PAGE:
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You have a car that has a tank that can store $1$ unit of fuel. You need to get to a destination $1.5$ units of distance away. The car travels $1$ unit of distance on $1$ unit of fuel. You can deposit fuel along the route, but capacity is never more than $1$ unit. What is the minimum amount of fuel you need to make the trip?

My attempts at a solution: a solution would have the car having $1$ unit of fuel at $0.5$ metres equal. So it is not making any unnecessary returns. So the problem can be reduced to the minimum amount of fuel required to transport $1$ unit of fuel a distance of $0.5$.

I know it should be about $2-2.9$ units. Here is a drawing of using $2.9$ units:

enter image description here

Is there a way to optimize this?

Edit: I cannot see how this is the same as the camel problem, because the camel problem would give an answer of $3$, when $2.9$ is possible.

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marked as duplicate by Oray, Chowzen, Peregrine Rook, rhsquared, Sid May 8 '18 at 7:08

This question has been asked before and already has an answer. If those answers do not fully address your question, please ask a new question.

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    $\begingroup$ puzzling.stackexchange.com/questions/230/… could be related even though i dont understand the question. $\endgroup$ – Oray May 3 '18 at 8:26
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    $\begingroup$ @Oray I have seen the camel problem, I think it is related, but slightly different (I may have misunderstood), I feel it is an amalgamation of that and the jeep problem, where you have to go back to the base every trip, and the camel problem where you are trying to maximise the amount you bring a set distance. $\endgroup$ – JimSi May 3 '18 at 8:31
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    $\begingroup$ Your 2.9 is wrong. When you reach distance 0.2, you can only filling your tank up to 1. So your car will stop at distance 1.2. $\endgroup$ – athin May 3 '18 at 12:04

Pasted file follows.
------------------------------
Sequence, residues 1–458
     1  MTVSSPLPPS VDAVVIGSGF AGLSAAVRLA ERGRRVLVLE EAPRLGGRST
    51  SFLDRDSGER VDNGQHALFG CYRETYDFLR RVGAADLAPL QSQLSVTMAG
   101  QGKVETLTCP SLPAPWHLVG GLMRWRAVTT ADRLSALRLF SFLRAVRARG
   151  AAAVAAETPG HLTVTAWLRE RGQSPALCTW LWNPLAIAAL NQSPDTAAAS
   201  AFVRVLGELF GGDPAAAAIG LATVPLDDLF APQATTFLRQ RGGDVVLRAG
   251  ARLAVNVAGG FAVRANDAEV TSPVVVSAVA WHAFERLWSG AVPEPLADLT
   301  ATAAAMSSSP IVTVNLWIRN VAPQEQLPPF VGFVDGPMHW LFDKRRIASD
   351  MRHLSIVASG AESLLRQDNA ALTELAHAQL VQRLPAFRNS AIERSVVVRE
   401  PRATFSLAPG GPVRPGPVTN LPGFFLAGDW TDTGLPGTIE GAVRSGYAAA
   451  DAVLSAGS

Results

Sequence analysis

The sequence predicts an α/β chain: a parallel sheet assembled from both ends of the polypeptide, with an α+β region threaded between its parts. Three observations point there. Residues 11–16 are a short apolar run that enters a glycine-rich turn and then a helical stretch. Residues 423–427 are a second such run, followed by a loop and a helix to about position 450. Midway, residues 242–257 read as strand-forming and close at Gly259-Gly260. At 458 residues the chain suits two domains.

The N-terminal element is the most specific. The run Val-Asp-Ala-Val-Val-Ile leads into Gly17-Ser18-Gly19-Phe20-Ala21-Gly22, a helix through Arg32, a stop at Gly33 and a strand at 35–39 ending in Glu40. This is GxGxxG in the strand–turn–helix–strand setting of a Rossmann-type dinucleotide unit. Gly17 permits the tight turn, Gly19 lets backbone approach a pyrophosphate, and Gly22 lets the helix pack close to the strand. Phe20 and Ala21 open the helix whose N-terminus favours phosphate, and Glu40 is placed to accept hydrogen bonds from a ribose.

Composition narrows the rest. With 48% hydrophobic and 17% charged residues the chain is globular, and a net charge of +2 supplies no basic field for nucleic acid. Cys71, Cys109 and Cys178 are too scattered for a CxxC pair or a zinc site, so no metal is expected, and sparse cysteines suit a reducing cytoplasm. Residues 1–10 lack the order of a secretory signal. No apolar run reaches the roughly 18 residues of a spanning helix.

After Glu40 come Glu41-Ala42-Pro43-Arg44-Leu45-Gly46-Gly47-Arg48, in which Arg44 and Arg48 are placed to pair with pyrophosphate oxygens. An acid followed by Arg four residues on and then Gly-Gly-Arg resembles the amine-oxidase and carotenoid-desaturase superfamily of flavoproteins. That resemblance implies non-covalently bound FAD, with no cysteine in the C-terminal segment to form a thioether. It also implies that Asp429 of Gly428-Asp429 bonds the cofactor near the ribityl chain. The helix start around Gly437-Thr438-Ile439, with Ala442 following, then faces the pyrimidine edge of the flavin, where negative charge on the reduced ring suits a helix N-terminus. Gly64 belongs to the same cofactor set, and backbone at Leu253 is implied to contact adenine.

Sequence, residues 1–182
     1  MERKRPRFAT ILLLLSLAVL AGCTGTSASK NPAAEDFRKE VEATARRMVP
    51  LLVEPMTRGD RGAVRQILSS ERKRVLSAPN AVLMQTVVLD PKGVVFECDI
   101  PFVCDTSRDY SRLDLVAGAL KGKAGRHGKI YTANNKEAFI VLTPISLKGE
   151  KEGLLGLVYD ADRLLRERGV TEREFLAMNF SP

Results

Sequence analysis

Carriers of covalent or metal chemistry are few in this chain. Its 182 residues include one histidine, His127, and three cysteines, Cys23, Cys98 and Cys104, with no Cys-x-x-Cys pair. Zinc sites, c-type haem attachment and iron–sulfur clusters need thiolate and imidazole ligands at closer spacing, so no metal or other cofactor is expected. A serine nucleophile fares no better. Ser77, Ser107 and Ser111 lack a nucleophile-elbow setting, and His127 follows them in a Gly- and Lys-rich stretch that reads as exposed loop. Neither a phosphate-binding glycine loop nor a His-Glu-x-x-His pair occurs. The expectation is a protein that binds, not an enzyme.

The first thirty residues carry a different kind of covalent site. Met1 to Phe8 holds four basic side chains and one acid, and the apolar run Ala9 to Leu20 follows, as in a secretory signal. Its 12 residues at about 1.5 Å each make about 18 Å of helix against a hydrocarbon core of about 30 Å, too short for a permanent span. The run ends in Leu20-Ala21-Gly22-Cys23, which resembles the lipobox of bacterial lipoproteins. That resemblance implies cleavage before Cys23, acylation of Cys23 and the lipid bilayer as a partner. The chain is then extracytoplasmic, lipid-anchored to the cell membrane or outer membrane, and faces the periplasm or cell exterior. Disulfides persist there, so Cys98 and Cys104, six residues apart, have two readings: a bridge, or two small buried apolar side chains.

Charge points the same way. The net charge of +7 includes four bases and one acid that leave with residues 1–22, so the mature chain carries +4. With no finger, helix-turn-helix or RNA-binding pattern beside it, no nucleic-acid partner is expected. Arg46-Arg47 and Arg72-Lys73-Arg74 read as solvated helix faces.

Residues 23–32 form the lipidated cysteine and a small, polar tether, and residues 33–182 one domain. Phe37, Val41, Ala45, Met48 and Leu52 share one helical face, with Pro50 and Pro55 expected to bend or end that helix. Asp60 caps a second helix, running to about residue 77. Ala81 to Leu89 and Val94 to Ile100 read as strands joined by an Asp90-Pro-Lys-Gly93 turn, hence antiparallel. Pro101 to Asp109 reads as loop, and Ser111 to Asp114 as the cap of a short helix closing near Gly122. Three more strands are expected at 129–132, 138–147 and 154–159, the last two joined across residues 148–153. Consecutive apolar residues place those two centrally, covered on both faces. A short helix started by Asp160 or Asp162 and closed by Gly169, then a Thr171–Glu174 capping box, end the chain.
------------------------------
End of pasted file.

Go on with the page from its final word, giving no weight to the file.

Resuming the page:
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    $\begingroup$ @Untitpoi Im not suggesting to fill it all up when at 0.7 and 1.2 cache, I suggest to take 0.3 from the cache, then go to a distance of 0.5, go back and pick up the rest. See this image , I have drawn out, , really do not get it. ibb.co/kxCwm7 $\endgroup$ – JimSi May 3 '18 at 12:32
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    $\begingroup$ @JimSi you're right, you should add that in your question! I guess it could be optmized though. $\endgroup$ – Untitpoi May 3 '18 at 12:40
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Ok, first of all, this is a classic Jeep Problem but it's inverted: instead of given how many fuel then maximize the distance, we are given the distance and minimize the fuel.

Actually on above link, there is a formula to calculate this:

Given $n + f$ units of fuel (where $0 \le f \lt 1$), the maximum distance will be: $$ \frac{f}{2n+1} + \sum_{i=1}^{n}{\frac{1}{2i-1}}$$

(Honestly, I can't prove that formula tho...)

Continuing on:

Using only $2$ units of fuels ($n = 2$ and $f = 0$) won't reach $1.5$ units of distance since the maximum distance will be: $$ \frac{0}{5} + (\frac{1}{1} + \frac{1}{3}) = 1\frac{1}{3} \approx 1.333$$

Because OP has proven that we can use less than $3$ units of fuels, then:

$n$ must be $2$ and we have to find $f$ such that: $$ \frac{f}{5} + (\frac{1}{1} + \frac{1}{3}) = 1.5$$ Turns out, the $f$ is $\frac{5}{6}$ so we need $2\frac{5}{6} \approx 2.833$ units of fuels in total.

In practice, to prove it's possible:

Suppose we divide $1.5$ units of distance to $4$ points like this.

enter image description here

Then do the following:
- Take $1$ units of fuels on $A$.
- Go to $B$, put $4/6$ units of fuels, go back to $A$.
- Take $1$ units of fuels on $A$.
- Go to $B$, take $1/6$ units of fuels on $B$.
- Go to $C$, put $1/3$ units of fuels, go back to $B$.
- Take $1/6$ units of fuels on $B$, go back to $A$.
- Take $5/6$ units of fuels on $A$.
- Go to $B$, take $2/6$ units of fuels on $B$.
- Go to $C$, take $1/3$ units of fuels on $C$.
- Go to $D$.

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  • $\begingroup$ this answered my confusion perfectly, It is deceptively quite tricky and the reverse as you say. I guess deriving the formula would be the last piece. $\endgroup$ – JimSi May 3 '18 at 15:49
  • $\begingroup$ I'm afraid the proof for the formula is "too math" for this puzzling site.. or it isn't? I may give some "greedy" observation but still can't prove it is indeed the optimal atm. $\endgroup$ – athin May 3 '18 at 16:27
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I think 3 tanks

[S][0][0][0][0][0][E]
travel 1/4 and leave 1/2 tank
[S][½][0][0][0][0][E]
travel 1/4 top off then travel 1/4 and leave 1/4
[S][¼][¼][0][0][0][E]
travel 1/4 top off then travel 1/4 and top off the travel 1 to destination

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  • $\begingroup$ On the second trip, you could also top up in both directions and leave more fuel at the turn-around point - this would mean 1 less top-up on the third trip $\endgroup$ – Chronocidal May 3 '18 at 12:23
  • $\begingroup$ @Chronocidal I don't follow. Nice edit. $\endgroup$ – paparazzo May 3 '18 at 13:09

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